4 Signs You’re Burnt Out, Not Lazy

Nearly half of workers (49%) said their employer doesn’t have a plan to spot the signs of chronic stress.

As much as it is now spoken about, burnout is still often misunderstood and heavily stigmatised. The effects of burnout can touch on every aspect of your life, creating difficulties in the present and future.

What is burnout?

Burnout is a state of complete mental, physical, and emotional exhaustion. It can occur when you experience long-term stress, for example, working a stressful job. Common signs of burnout include;

  • Feeling tired or drained most of the time
  • Feeling helpless, trapped and/or defeated
  • Feeling detached/alone in the world
  • Having a cynical/negative outlook
  • Self-doubt
  • Procrastinating and taking longer to get things done
  • Feeling overwhelmed

How to tackle some common burnout symptoms

Burnout isn’t something that will just go away on its own. If you don’t address the underlying issues and treat the symptoms you are experiencing, it will continue to get worse.

Feeling overwhelmed by day-to-day activities

Where possible, try to take on one task at a time. Simplify tasks into smaller, easier-to-process chunks to avoid feeling overwhelmed. It can be helpful to create a timeline for yourself of where to start and keep track of the progress you have made so far.

It can also be beneficial to complete smaller tasks or ‘easy wins’ in between larger tasks to split them up and feel a sense of achievement and purpose.

And most importantly, ensure you are taking regular breaks.

Finding yourself becoming more easily irritated

Be honest with yourself and acknowledge how you are feeling. Ignoring your emotions will not help. If you feel able to, try and reach out to someone you trust to discuss the source of your irritation. A lot of the time we will lash out at people who are not causing the issue.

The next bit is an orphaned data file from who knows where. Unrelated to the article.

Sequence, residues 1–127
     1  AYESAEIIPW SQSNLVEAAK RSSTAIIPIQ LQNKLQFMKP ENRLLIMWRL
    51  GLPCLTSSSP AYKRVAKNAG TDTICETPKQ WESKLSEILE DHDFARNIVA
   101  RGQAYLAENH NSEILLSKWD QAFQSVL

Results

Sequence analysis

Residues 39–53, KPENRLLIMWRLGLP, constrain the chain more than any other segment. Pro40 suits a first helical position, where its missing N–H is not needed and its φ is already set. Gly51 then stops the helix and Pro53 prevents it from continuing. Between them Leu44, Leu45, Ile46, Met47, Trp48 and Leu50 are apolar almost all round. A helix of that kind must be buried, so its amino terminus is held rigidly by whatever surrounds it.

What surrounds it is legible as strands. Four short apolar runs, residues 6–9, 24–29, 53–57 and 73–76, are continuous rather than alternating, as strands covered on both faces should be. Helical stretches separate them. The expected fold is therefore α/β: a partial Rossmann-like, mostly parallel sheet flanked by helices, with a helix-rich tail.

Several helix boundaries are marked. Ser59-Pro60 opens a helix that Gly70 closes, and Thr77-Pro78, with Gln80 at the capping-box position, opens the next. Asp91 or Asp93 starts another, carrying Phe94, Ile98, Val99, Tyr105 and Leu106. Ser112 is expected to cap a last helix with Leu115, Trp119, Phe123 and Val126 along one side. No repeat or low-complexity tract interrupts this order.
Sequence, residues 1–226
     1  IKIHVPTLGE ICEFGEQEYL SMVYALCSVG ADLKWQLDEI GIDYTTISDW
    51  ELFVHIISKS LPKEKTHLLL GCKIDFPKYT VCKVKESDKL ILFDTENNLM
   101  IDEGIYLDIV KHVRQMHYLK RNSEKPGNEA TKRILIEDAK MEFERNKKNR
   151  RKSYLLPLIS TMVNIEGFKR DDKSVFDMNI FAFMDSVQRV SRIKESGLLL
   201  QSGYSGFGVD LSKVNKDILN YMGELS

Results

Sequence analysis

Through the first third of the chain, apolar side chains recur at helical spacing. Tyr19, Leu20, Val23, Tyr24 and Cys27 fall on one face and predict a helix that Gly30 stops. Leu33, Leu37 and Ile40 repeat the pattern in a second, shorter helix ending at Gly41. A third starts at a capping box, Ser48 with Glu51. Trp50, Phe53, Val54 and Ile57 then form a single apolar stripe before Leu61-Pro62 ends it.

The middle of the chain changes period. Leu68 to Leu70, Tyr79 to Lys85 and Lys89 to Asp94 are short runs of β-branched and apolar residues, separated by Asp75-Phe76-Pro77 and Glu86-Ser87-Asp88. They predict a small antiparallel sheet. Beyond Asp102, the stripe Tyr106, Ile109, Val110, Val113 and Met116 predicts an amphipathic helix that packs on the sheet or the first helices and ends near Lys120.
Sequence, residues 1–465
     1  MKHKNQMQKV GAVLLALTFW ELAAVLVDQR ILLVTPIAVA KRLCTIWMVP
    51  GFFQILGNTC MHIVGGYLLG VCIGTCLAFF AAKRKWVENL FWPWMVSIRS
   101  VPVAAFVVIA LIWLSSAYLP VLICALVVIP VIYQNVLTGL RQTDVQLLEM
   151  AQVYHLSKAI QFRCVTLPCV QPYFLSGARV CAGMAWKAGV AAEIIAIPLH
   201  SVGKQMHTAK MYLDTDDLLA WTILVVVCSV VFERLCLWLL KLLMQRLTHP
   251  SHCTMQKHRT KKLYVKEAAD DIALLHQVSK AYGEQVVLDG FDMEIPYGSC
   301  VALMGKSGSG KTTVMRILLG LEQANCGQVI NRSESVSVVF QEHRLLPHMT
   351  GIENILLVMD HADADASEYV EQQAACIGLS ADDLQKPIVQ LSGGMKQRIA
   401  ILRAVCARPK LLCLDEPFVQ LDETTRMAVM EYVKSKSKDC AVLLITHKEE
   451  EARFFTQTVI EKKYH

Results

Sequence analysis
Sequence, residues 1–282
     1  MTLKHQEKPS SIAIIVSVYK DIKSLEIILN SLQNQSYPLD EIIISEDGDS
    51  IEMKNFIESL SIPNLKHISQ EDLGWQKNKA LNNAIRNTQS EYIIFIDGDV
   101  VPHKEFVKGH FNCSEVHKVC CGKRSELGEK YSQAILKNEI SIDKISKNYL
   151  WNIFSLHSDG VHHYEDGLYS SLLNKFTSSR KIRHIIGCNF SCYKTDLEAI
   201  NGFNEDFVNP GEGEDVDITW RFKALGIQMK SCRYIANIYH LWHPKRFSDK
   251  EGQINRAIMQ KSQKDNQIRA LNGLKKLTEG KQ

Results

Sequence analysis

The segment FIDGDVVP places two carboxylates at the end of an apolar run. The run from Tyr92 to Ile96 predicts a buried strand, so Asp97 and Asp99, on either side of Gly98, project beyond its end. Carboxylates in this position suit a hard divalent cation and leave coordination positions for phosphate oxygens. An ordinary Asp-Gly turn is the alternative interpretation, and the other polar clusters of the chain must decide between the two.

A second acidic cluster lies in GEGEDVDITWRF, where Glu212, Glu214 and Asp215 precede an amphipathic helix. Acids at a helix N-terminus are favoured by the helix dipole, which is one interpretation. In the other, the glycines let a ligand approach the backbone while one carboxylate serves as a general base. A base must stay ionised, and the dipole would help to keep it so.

Feeling exhausted all the time

If you are struggling with your sleep, take steps to create your best sleep environment. Avoid working from bed, keep your phone in another room and set up a proper bedtime routine to prepare you for a good night sleep.

Ensure you are giving yourself enough downtime during the day also. Make time for the things you enjoy or find relax you and try to do at least one of these every day.

If you can and feel it is necessary, speak to a GP or therapist. There may be more they can offer you to prevent full-blown burnout from over-exhaustion.

Feeling like you’re losing joy or motivation

Intentionally acknowledge and savour the small things. We often overlook the things that make us smile on a daily basis, but focusing on these can help to feel more balanced.

Try not to judge yourself so harshly. You are probably doing a lot better than you think and deserve to feel accomplished.

Stressed worker at desk suffering from burnout.

I’m an employer, what can I do about burnout in my team?

All employers have a duty of care towards their team, extending to both their physical and mental health. According to Mental Health UK

Leadership and Managers should provide:

  • a strategy, policy or plan for employee mental health to prevent chronic stress or burnout.
  • regular assessments of workplace stressors or burnout risks.
  • employees with a Wellbeing Plan to identify when and how to offer support.
  • regular check-ins to discuss workload and current challenges.
  • confidential access to resources such as counselling services or Employee Assistance Programmes (EAPs)
  • training promoting the importance of maintaining good mental health.
  • acknowledgements of hard work.

Managers should promote:

  • open communication between employees and management.
  • regular breaks and a healthy work-life balance.
  • a culture of care and collaboration, encouraging team-building activities and social interactions.

Managers should avoid and discourage:

  • stigmatising language around mental health and mental illness.
  • unreasonable workloads and deadlines.
  • the use of excessive overtime.

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